Plasmodium berghei ANKA infected C57B1/6 mice develop cerebral malaria at a parasitaemia of 15-25%. When parasitaemia reached 10%, P. berghei infected mice were treated with artemether, chloroquine or clindamycin in order to prevent the occurrence of cerebral malaria. Artemether and chloroquine were highly efficient. Functional tests revealed that zymosan stimulated spleen cells from untreated mice with cerebral malaria showed a slight decrease in their capacity to produce reactive oxygen intermediates (ROI) when compared with naive mice.
The effect of dihydroartemisinin, artemisinin and artesunate (0.1, 0.5, 5 and 50 mg/L) on phagocytic function and release of reactive oxygen products by neutrophils was studied by flow cytometry. Incubation with dihydroartemisinin, artemisinin and artemether resulted in a decreased capacity to phagocytose Escherichia coli (0.1-50 mg/L: 62-40%, 66-32% and 59-47% of the control values, respectively; P < 0.001 for all).
We recently described a screening system designed to detect neurotoxicity of artemisinin derivatives based on primary neuronal brain stem cell cultures (G. Schmuck and R. K. Haynes, Neurotoxicity Res. 2:37-49, 2000). Here, we probe possible mechanisms of this brain stem-specific neurodegeneration, in which artemisinin-sensitive neuronal brain stem cell cultures are compared with nonsensitive cultures (cortical neurons, astrocytes). Effects on the cytoskeleton of brain stem cell cultures, but not that of cortical cell cultures, were visible after 7 days.
The anti-malarial artesunate (ART) also inhibits the growth of cancer cells. The active moiety is an endoperoxide bridge whose cleavage generates reactive oxygen species and free radicals. We analyzed whether glutathione-related enzymes contribute to tumor resistance to ART and to the low toxicity of ART towards normal organs.
Nearly all cervical cancers are etiologically attributable to human papillomavirus (HPV) infection and pharmaceutical treatments targeting HPV-infected cells would be of great medical benefit. Because many neoplastic cells (including cervical cancer cells) overexpress the transferrin receptor to increase their iron uptake, we hypothesized that iron-dependent, antimalarial drugs such as artemisinin might prove useful in treating HPV-infected or transformed cells.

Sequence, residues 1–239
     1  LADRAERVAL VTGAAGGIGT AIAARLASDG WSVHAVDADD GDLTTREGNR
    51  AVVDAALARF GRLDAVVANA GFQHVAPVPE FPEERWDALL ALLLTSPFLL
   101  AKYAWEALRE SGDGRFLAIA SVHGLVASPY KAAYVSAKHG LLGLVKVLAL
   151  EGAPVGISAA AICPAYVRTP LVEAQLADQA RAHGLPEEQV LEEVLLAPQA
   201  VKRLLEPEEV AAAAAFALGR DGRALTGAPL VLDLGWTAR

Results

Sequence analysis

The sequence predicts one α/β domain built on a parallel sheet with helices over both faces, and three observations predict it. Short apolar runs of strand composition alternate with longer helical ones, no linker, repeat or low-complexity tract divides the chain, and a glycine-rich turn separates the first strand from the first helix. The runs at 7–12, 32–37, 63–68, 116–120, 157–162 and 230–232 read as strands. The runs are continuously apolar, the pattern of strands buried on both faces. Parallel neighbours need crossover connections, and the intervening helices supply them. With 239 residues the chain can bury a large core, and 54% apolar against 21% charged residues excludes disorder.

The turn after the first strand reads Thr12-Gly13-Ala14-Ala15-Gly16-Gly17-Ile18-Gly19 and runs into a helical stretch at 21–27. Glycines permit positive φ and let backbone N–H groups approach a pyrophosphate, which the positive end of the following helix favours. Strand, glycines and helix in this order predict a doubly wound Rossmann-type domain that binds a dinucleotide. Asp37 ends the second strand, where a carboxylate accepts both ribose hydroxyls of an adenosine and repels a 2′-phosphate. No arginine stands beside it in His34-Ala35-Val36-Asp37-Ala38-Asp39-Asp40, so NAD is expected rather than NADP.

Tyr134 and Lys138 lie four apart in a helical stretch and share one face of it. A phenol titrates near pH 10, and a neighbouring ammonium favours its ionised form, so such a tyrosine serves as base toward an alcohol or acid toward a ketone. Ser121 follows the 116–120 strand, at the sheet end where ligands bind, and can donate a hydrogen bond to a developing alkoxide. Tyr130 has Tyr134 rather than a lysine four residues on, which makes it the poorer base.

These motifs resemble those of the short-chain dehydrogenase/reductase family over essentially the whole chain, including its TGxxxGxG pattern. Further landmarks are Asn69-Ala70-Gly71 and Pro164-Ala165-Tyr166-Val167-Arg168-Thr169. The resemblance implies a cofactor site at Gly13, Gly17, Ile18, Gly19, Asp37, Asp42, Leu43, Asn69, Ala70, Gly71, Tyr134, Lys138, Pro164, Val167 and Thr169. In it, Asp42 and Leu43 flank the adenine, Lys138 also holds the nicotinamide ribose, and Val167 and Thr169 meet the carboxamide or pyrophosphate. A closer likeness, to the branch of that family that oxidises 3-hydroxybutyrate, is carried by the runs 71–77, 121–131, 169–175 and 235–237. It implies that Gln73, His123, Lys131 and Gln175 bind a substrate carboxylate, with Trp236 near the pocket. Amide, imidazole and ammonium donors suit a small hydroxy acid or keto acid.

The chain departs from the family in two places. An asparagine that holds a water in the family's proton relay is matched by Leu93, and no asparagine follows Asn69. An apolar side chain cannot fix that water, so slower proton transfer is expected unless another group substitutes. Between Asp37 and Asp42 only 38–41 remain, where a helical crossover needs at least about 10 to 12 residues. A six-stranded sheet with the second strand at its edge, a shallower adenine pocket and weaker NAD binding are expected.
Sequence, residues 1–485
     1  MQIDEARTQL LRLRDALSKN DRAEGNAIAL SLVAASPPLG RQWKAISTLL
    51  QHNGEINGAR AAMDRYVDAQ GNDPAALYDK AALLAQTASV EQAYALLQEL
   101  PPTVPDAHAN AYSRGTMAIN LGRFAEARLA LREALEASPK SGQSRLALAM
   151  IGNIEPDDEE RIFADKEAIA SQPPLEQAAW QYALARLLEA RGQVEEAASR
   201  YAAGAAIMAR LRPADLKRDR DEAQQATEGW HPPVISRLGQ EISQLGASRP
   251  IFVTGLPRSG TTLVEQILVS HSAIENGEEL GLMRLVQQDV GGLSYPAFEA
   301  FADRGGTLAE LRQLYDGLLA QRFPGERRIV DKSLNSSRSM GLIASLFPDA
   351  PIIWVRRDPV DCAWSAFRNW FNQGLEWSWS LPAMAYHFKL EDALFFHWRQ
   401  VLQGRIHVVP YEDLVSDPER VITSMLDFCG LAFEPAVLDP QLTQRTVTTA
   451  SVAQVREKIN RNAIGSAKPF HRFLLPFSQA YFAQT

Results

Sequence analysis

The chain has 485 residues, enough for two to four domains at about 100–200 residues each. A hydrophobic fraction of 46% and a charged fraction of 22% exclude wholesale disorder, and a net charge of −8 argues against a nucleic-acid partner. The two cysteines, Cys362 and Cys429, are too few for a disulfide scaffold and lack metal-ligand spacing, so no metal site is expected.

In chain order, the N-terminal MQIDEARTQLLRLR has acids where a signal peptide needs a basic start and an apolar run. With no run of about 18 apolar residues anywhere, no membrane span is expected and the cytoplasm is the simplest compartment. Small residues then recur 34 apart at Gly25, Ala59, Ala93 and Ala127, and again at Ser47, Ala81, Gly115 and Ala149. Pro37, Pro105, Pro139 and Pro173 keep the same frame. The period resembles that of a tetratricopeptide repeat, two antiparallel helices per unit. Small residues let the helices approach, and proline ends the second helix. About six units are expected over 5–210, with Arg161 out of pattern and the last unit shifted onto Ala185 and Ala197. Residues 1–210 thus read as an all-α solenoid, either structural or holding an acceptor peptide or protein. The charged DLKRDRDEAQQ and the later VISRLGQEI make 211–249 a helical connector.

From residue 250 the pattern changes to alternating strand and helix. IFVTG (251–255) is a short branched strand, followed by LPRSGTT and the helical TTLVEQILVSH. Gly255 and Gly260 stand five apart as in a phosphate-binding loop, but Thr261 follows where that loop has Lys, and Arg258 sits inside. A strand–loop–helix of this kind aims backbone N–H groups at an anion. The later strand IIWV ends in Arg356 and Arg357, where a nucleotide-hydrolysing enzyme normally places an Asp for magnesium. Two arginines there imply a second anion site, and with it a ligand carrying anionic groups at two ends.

Sequestration of Plasmodium falciparum-infected erythrocytes (Pf-IRBC) in postcapillary brain endothelium is a hallmark of cerebral malaria (CM) pathogenesis. There is a correlation between adherent Pf-IRBC and increased expression of intercellular cell adhesion molecule 1 (ICAM-1), which is also a receptor for Pf-IRBC on human brain microvascular endothelial cells (HBMEC). The underlying mechanism for the increased ICAM-1 expression has not been clearly defined. Therefore, we investigated the mechanisms of ICAM-1 expression on isolated HBMEC after exposure to Pf-IRBC.
BACKGROUND: A major obstacle for successful cancer treatment often is the development of drug resistance in cancer cells during chemotherapy. Therefore, there is an urgent need for novel drugs with improved efficacy against tumor cells and with less toxicity on normal cells. Artesunate (ART), a powerful anti-malarial herbal compound, has been shown to inhibit growth of various tumor cell lines in vitro and of xenografted Kaposi's sarcoma in mice in vivo. However, the molecular mechanisms by which ART exerts its cytotoxicity have not been elucidated.
International Journal of Cancer. Journal International Du Cancer
Analogs of the malaria therapeutic, artemisinin, possess in vitro and in vivo anticancer activity. In this study, two dimeric artemisinins (NSC724910 and 735847) were studied to determine their mechanism of action. Dimers were >1,000 fold more active than monomer and treatment was associated with increased reactive oxygen species (ROS) and apoptosis induction. Dimer activity was inhibited by the antioxidant L-NAC, the iron chelator desferroxamine and exogenous hemin.
Pancreatic cancer is highly resistant to the currently available chemotherapeutic agents. Less than 5% of patients diagnosed with this disease could survive beyond 5 years. Thus, there is an urgent need for the development of novel, efficacious drugs that can treat pancreatic cancer. Herein we report the identification of artesunate (ART), a derivative of artemisinin, as a potent and selective antitumor agent against human pancreatic cancer cells in vitro and in vivo.
The antimalarial sesquiterpene, artemisinin, is in short supply; demand is not being met, and the role of artemisinin in the plant is not well established. Prior work showed that addition of dimethyl sulfoxide (DMSO) to seedlings increased artemisinin in their shoots and this study further investigated that serendipitous observation. When in vitro-cultured Artemisia annua rooted shoots were fed different amounts of DMSO (0-2.0% v/v), artemisinin levels doubled and showed biphasic optima at 0.25 and 2.0% DMSO.